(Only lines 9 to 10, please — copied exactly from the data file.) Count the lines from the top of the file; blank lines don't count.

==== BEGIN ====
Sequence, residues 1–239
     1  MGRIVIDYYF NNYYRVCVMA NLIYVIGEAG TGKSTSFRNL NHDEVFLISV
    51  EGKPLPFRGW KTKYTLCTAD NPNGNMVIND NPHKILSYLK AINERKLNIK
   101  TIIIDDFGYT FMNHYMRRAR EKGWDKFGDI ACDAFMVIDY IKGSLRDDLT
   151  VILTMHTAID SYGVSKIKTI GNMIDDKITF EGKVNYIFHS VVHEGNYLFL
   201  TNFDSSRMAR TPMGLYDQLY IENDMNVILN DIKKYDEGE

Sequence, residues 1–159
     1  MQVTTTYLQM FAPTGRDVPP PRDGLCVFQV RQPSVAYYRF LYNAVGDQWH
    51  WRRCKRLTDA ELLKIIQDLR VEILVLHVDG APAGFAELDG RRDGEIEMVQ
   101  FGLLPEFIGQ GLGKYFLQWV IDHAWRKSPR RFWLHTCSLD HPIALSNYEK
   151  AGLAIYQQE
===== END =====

    51  WRRCKRLTDA ELLKIIQDLR VEILVLHVDG APAGFAELDG RRDGEIEMVQ
   101  FGLLPEFIGQ GLGKYFLQWV IDHAWRKSPR RFWLHTCSLD HPIALSNYEK